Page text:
Good copywriting doesn’t appear from thin air. “Pantsing” may be a good way to let the ideas flow freely, but outlining in copywriting ensures your ideas stay organized and on-target.
Now, some pantsers may not want to hear this, but outlining and pantsing aren’t enemies.
Here’s an example that proves my point.
In college, I tutored essay writing for 5 years.
Since I was so used to seeing essays every single day, by the time I started doing business blogging, I was an old hand. I no longer needed to write detailed outlines, clarify topic sentences, consciously focus on stylistic choices, etc.
It was almost as if I could “pants” my way to a finished article.
The same goes for copywriting, as I explain below.
But first, let’s explore the meaning of these two terms.
Outlining vs. “Pantsing”
In fiction writing, there are two approaches to the writing process … outlining and pantsing.
Pantsers write by the seat of their pants.
Nothing is planned … they just drift along with their stream of consciousness. Words flow from their fingertips to the page on the fly. Stories are formed organically, as if by magic.
In my opinion, pantsing appeals to writers for a couple big reasons:
For one thing, pantsing feels more free.
You can just let everything hang loose. There are no rules … you are a rebel … no one can tell you how to write or what to write.
You aren’t confined or constrained by some plan that yesterday’s you came up with.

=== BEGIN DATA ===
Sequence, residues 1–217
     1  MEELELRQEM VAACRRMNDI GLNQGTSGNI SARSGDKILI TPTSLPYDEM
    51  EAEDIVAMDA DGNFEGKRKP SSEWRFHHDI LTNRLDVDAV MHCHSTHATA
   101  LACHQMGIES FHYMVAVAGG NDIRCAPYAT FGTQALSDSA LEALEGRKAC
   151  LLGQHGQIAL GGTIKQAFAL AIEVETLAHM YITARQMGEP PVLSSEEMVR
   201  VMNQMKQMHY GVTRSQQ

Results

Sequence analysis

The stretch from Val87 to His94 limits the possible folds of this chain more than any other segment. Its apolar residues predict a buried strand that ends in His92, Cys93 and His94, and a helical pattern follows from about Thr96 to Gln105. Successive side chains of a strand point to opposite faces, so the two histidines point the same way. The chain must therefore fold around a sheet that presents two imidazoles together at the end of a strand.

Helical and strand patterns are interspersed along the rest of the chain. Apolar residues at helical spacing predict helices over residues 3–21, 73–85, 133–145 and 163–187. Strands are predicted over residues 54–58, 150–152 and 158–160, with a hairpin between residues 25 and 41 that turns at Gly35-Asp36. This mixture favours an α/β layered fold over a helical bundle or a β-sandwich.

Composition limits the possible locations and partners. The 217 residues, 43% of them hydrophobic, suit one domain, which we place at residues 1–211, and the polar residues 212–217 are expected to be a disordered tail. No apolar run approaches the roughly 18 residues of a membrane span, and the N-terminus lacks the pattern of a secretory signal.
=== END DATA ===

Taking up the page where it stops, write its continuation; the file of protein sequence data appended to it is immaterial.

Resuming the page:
For another thing, it seems more magical and genius.
Pantsers may deny this, but there can be a bit of elitism in this approach. Certain members of this group feel that this approach is “true writing,” because of the reasons mentioned above.
Outliners are the other group. And, as their name suggests, they like to outline before they write.
With outlining there is actually a plan to follow.
Before outliners actually put finger to keyboard, they know the beginning, middle, and end.
It’s impossible to “write oneself into a corner” with a stale storyline or lost characters that dead-end in Nowheresville, Massachusetts.
Outlining in Copywriting
Copywriting isn’t fiction – it has different goals, different requirements, and a different mindset.
Copywriters aren’t writing to be creative … they’re writing to sell.
So most of them have no qualms about outlining until their face turns blue.
At least at first.
When I started studying copywriting, I needed to learn the structure of sales promotions. And I needed to consciously map out where to put (and how to write) copywriting elements such as features … benefits … claims … proof … credibility … guarantees … and so on.
Over time, of course, I relied less and less on outlining in copywriting, because so many steps had become second nature.
Conclusion: There Is No Spoon Outline
Once you learn the layout of a city, you no longer need Google Maps.
Once you understand the Matrix, you see that there is no spoon.
And once you learn the structure of sales promotions, your copywriting process no longer needs hyper-detailed outlines.
Now, I’m not saying that you don’t need some form of outlining in copywriting … or some kind of structure. You do. All the best copywriters do in-depth research, which often results in long documents overflowing with notes.
When I’m doing research, at minimum I make use of spreadsheets and text documents.
However, the more you practice, the more steps you can internalize, the faster you can write, and the more you can write “by the seat of your pants.”